The industry has pledged $10m in new funds since 2010 to eliminate the worst forms of child labor, but a newly released report says the job is far from over.
The Child Labor Cocoa Coordinating Group (CLCCG), comprising the governments of the US, Ivory Coast and Ghana along with industry players, produced its annual report on Tuesday.
Report: job is not done
The report detailed progress towards a goal set in 2010 to reduce the worst forms of child labor in Ghana and the Ivory Coast by 70% by 2020 under the Harkin-Engel Protocol.
It reviewed project proposals from Hershey, Mondelēz International, Nestlé, Barry Callebaut, Ferrero, and Mars and found the industry had pledged $10m.
“While important progress has been made, the job is not done. There are still children working in hazardous conditions or unable to attend school in cocoa communities,” said the report.
NGOs question Callebaut and Hershey pledges
Non-profit groups behind the Raise The Bar, Hershey campaign (Global Exchange, Green America, the International Labor Rights Forum, and Oasis USA) said in a statement:
“..While many companies have increased their commitments to reducing child labor in the communities they source from, others lag behind, notably Hershey and Barry Callebaut.”
They said that Hershey’s commitment was just 17% of its largest US competitor’s pledge Mars, and said its only program to fall under the CLCCG was Cocoa Link, a project that sends cell phone messages with agricultural tips to farmers.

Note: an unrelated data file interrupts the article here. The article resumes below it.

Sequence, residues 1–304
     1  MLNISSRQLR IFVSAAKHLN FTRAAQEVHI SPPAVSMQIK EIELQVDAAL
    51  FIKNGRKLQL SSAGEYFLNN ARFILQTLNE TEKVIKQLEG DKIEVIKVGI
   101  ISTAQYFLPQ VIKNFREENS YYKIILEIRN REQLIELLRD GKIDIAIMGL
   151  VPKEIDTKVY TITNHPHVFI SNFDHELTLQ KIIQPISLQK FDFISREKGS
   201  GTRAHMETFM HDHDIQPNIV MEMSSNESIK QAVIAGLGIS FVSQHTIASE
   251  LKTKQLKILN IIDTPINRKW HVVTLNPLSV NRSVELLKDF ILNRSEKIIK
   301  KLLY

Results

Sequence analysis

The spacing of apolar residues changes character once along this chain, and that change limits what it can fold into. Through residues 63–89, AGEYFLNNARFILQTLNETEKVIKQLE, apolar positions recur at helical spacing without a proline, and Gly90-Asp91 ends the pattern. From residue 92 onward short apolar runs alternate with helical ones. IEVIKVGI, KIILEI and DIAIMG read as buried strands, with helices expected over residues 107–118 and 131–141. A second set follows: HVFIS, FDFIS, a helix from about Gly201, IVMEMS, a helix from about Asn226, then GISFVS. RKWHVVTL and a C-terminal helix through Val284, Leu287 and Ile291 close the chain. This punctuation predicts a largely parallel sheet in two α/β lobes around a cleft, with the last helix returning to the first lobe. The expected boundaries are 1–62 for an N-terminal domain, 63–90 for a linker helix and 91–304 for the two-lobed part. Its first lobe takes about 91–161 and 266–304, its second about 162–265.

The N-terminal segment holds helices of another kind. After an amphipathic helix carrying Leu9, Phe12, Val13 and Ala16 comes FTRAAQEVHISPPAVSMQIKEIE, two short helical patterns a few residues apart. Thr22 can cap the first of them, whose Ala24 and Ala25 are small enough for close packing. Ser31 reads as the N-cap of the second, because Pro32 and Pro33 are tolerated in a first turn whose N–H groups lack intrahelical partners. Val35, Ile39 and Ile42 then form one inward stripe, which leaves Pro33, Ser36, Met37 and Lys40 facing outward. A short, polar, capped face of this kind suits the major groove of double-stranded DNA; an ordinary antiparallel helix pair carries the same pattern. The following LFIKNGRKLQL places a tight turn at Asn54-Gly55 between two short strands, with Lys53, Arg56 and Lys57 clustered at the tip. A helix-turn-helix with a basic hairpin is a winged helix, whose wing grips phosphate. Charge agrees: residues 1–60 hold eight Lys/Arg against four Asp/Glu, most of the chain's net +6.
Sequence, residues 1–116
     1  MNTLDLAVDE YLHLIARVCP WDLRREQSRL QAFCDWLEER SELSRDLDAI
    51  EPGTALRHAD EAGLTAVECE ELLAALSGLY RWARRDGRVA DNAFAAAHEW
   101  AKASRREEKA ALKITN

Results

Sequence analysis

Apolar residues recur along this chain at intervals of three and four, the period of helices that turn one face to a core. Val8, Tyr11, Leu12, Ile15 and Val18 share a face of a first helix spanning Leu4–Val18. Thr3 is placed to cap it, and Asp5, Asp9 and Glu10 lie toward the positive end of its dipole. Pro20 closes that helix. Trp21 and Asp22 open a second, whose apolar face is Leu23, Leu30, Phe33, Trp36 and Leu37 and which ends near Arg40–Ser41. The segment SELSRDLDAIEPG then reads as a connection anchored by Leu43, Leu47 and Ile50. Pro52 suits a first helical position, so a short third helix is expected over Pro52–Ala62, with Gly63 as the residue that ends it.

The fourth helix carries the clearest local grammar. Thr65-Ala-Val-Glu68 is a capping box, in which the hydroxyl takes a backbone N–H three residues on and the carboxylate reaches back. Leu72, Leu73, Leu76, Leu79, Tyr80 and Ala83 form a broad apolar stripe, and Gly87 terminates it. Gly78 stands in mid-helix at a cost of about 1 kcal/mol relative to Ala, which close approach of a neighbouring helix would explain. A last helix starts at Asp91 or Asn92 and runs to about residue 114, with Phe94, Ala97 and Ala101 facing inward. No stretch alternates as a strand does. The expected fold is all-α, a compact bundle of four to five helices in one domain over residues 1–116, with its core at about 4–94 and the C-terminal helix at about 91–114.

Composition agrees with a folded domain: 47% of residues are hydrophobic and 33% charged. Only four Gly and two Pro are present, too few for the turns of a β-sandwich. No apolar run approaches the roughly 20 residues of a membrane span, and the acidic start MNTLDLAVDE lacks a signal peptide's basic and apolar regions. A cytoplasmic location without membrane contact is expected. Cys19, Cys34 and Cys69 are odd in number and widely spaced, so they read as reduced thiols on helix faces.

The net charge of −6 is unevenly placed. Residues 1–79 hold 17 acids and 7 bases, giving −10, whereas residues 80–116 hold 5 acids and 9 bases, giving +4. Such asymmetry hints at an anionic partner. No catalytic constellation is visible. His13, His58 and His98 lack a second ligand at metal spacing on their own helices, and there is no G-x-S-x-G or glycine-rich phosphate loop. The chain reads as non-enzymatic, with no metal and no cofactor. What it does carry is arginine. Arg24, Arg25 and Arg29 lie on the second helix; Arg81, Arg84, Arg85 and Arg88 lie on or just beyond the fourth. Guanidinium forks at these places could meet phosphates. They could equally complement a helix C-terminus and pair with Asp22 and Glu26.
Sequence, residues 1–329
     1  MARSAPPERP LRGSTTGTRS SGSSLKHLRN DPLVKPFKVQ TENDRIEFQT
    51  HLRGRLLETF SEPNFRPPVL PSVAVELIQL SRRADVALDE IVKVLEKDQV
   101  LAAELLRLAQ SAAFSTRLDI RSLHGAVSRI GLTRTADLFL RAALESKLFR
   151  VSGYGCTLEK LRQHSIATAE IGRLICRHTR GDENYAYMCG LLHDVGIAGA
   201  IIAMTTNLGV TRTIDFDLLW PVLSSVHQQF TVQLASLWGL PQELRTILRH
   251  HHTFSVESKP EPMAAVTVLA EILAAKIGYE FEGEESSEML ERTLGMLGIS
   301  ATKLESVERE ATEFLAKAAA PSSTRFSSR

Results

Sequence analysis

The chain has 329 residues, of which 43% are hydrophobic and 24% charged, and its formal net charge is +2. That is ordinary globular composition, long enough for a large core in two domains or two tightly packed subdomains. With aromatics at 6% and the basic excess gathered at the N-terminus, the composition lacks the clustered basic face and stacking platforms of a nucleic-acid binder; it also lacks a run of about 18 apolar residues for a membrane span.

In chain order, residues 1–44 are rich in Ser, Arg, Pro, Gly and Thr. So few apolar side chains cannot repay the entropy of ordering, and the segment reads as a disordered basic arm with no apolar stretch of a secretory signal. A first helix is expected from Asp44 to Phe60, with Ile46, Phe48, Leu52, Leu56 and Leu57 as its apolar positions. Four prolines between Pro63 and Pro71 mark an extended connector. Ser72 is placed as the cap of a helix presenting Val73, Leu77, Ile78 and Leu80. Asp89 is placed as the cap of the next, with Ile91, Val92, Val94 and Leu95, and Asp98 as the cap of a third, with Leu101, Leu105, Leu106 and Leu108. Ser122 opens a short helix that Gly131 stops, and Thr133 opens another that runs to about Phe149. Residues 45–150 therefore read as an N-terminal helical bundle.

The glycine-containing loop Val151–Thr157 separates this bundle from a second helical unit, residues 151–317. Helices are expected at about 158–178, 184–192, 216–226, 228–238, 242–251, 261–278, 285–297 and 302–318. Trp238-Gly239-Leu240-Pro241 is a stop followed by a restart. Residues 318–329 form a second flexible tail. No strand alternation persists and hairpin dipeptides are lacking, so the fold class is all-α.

“CocoaLink has reached less than 1% of cocoa farmers in Ghana, and no farmers in Cote D'Ivoire,” said the NGO consortium.
Hershey was contacted, but did not respond to the allegations.
The NGOs added that Barry Callebaut's pledge was only 11% of Mars' commitment and said the chocolate makers aim to build two schools in two cocoa growing communities appeared irrelevant compared to the 36,000 plus schoolrooms needed in these regions.
Raphael Wermuth, external communications manager for Barry Calleabut, said it was undecided whether the project would involve just two schools and said it would be discussed internally.
“This [$300,000] is actually a fraction of what we do,” he said. Barry Callebaut also has a CHF 40m ($42m) Cocoa Horizons project over 10 years that was not reported to the CLCCG.
“You have to put it into perspective in terms of the turnover of each company,” added Wermuth.
Barry Callebaut recorded $376m operating profit in 2012, while Nestlé posted $11.55bn over the same period.
“As two of the biggest chocolate companies in the world, Barry Callebaut and Hershey are just as responsible as their counterparts for the atrocious labor conditions of the cocoa sector. And yet, both have been miserly when it comes to the fight to remove children from the cocoa fields of West Africa,” said the NGOs.
US Senator Tom Harkin said that in 2013 and 2014 the CLCCG would have surveys assessing the extent of child labor in cocoa communities that will hold companies to account.
“These surveys will not only tell us about the efficacy of our work to date but also help identify where we need to target any further actions to reach children who are facing the worst forms of child labor.”
Almost 820,000 children in the Ivory Coast and over 997,000 kids in Ghana were found to be working on cocoa-related activities in 2007/2008, according to Tulane University.
That study found that 15% of children surveyed reported forced or involuntary work in the 12 months prior to the release of their publication. In addition, they found that nearly 50% of children working in cocoa farming in West Africa reported injuries from their work in the past year.